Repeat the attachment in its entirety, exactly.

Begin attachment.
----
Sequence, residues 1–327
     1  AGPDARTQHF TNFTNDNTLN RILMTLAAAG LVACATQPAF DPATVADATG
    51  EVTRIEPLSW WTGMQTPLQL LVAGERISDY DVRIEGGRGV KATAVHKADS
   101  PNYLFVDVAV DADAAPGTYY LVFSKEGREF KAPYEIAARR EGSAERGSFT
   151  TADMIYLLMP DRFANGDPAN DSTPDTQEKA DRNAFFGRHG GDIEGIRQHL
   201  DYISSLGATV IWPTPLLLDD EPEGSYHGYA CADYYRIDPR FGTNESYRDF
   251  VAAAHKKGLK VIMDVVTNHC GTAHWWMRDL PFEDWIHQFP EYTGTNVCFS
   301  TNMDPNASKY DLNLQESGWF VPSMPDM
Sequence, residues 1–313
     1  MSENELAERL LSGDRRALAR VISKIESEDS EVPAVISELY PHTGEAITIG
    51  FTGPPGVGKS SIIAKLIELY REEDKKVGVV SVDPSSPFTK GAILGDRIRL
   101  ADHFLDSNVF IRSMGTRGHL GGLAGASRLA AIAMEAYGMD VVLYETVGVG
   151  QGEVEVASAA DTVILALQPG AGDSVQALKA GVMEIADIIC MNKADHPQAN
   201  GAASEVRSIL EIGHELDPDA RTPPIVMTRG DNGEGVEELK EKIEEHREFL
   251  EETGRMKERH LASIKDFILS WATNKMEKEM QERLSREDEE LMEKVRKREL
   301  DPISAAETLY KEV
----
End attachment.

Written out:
Sequence, residues 1–327
     1  AGPDARTQHF TNFTNDNTLN RILMTLAAAG LVACATQPAF DPATVADATG
    51  EVTRIEPLSW WTGMQTPLQL LVAGERISDY DVRIEGGRGV KATAVHKADS
   101  PNYLFVDVAV DADAAPGTYY LVFSKEGREF KAPYEIAARR EGSAERGSFT
   151  TADMIYLLMP DRFANGDPAN DSTPDTQEKA DRNAFFGRHG GDIEGIRQHL
   201  DYISSLGATV IWPTPLLLDD EPEGSYHGYA CADYYRIDPR FGTNESYRDF
   251  VAAAHKKGLK VIMDVVTNHC GTAHWWMRDL PFEDWIHQFP EYTGTNVCFS
   301  TNMDPNASKY DLNLQESGWF VPSMPDM
Sequence, residues 1–313
     1  MSENELAERL LSGDRRALAR VISKIESEDS EVPAVISELY PHTGEAITIG
    51  FTGPPGVGKS SIIAKLIELY REEDKKVGVV SVDPSSPFTK GAILGDRIRL
   101  ADHFLDSNVF IRSMGTRGHL GGLAGASRLA AIAMEAYGMD VVLYETVGVG
   151  QGEVEVASAA DTVILALQPG AGDSVQALKA GVMEIADIIC MNKADHPQAN
   201  GAASEVRSIL EIGHELDPDA RTPPIVMTRG DNGEGVEELK EKIEEHREFL
   251  EETGRMKERH LASIKDFILS WATNKMEKEM QERLSREDEE LMEKVRKREL
   301  DPISAAETLY KEV